The heroic defence of Malta's airfields
2nd April 1942: German and Italian bombing of Malta intensifies as the British seek to defend this key staging post in the Mediterranean
The Germans were now stepping up their bombing of Malta as a prelude to a planned invasion. The British struggled to keep the island supplied - every attempt to bring munitions and basic foodstuffs meant a long convoy run accompanied by inevitable air attacks on all the ships involved.
On the island itself morale remained high despite the daily bombing and a much reduced diet for servicemen and civilians alike.
Early in the war the King had instituted the George Cross to rank alongside the Victoria Cross for 'acts of the greatest heroism or of the most conspicuous courage in circumstances of extreme danger' where the action was not 'in the face of the enemy'.
The KING has been graciously pleased to approve the posthumous award of the GEORGE CROSS to: -
1058637 Leading Aircraftman Albert Matthew Osborne, Royal Air Force.
During a period of fierce enemy air attacks on Malta, Leading Aircraftman Osborne has displayed unsurpassed courage and devotion to duty. In circumstances of the greatest danger he was always first at hand to deal with emergencies, whether in fire fighting operations or in rescue work. The following are examples of his promptitude and gallantry:
‘The Air Officer Commanding, Royal Air Force Mediterranean, has stated that he was " one of the bravest airmen it has been my privilege to meet ".’
Rendered safe the torpedo of a burning torpedo aircraft, working 3 feet from the main petrol tank for ten minutes.
Extinguished a burning aircraft during a heavy bombing attack.
Attempted to save a burning aircraft and subsequently removed torpedoes from the vicinity.
Assisted in saving the pilot of a burning aircraft and extinguishing the fire.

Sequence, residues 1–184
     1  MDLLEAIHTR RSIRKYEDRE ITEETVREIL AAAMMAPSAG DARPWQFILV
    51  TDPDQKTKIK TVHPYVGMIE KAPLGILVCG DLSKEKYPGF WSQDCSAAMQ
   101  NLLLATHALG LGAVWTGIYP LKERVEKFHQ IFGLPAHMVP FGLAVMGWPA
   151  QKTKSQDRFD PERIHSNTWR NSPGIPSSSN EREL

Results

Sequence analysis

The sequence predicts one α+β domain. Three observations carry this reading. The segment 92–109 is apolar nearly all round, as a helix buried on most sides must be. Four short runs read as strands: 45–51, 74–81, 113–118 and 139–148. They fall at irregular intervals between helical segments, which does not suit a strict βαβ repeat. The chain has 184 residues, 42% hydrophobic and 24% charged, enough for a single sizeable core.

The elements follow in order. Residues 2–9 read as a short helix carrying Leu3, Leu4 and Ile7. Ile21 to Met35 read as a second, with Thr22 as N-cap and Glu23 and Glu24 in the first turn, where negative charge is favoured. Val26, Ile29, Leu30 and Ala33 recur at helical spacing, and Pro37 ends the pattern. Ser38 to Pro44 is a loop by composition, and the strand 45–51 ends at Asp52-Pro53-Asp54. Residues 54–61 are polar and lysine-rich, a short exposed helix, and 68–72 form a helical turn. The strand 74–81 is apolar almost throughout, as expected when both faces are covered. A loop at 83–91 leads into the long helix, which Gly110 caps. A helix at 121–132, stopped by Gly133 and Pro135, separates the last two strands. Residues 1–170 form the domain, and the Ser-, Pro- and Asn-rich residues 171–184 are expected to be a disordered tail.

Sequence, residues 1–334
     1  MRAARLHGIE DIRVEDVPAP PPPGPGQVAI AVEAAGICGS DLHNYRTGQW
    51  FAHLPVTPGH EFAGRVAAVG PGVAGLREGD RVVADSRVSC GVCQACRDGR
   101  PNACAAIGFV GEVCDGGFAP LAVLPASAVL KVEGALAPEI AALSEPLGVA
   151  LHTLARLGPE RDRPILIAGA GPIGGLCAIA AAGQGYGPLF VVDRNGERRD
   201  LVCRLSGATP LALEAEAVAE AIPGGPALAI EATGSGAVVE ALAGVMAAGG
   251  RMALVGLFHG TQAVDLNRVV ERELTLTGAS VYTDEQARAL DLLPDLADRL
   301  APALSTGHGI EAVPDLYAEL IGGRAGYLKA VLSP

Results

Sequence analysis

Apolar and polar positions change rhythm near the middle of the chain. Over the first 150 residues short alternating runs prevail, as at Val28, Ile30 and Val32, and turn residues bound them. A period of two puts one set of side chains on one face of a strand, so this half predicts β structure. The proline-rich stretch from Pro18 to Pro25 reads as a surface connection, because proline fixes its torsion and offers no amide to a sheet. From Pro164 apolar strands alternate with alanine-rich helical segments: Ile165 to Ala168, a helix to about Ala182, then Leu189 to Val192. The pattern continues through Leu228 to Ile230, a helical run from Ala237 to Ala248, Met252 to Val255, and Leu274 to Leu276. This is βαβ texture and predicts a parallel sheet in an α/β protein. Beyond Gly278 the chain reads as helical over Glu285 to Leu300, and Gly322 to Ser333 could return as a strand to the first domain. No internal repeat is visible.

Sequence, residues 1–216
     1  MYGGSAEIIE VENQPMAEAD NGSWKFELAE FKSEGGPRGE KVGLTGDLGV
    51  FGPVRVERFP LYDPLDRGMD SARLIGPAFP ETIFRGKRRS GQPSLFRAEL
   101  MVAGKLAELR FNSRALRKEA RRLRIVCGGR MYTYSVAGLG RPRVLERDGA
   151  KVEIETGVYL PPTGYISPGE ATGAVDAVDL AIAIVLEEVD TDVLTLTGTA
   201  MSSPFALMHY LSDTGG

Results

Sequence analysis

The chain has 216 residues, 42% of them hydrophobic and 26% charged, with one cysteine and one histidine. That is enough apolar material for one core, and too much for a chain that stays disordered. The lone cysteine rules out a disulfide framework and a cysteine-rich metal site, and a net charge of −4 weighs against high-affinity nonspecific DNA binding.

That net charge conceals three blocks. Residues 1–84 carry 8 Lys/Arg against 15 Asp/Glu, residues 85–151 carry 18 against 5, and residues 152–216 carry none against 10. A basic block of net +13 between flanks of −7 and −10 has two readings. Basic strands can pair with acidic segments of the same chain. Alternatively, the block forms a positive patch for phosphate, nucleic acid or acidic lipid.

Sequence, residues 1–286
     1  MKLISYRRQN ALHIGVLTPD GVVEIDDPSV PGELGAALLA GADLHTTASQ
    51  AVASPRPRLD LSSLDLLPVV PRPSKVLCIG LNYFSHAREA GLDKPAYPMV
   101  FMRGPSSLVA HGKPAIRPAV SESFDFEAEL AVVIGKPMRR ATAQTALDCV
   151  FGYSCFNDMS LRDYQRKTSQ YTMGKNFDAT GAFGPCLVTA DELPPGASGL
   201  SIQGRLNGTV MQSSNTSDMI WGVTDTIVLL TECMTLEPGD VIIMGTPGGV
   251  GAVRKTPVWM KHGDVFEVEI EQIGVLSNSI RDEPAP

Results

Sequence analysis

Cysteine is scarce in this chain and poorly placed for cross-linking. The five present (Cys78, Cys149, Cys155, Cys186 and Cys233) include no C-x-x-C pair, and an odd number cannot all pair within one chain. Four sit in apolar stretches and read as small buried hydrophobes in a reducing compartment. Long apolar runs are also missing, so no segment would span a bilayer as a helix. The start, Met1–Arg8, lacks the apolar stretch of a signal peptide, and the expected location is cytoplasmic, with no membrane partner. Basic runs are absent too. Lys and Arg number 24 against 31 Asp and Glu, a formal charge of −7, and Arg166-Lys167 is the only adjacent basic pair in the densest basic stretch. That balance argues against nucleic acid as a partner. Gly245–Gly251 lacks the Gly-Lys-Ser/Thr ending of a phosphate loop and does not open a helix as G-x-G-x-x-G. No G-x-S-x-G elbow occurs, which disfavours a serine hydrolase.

Saved an aircraft from destruction by fire.
Attempted for six hours to extricate airmen from a bombed shelter, despite continued heavy bombing and . danger, from - falling stone-work.
Fought fires in two aircraft, his efforts resulting in the saving of one.
Freed the parachute of a burning flare caught in an aircraft, enabling the pilot to taxy clear.
Checked the fire in a burning aircraft, the greater part of which was undamaged.
The last three incidents occurred on the same day. Leading Aircraftman Osborne was unfortunately killed on 2nd April, 1942. During an intense, air attack he led a party to extinguish the flames of a burning aircraft. A petrol tank exploded and he was injured and affected by the fumes. On recovery, he returned to fight the fire and was killed by the explosion of an air vessel while attempting to pour water over torpedoes which were in danger of exploding.
This airman's fearless courage and great leadership on all occasions have been beyond praise. The Air Officer Commanding, Royal Air Force Mediterranean, has stated that he was " one of the bravest airmen it has been my privilege to meet ".
The Maltese airfields and naval bases were far from being the only targets and many civilians died during widespread bombing.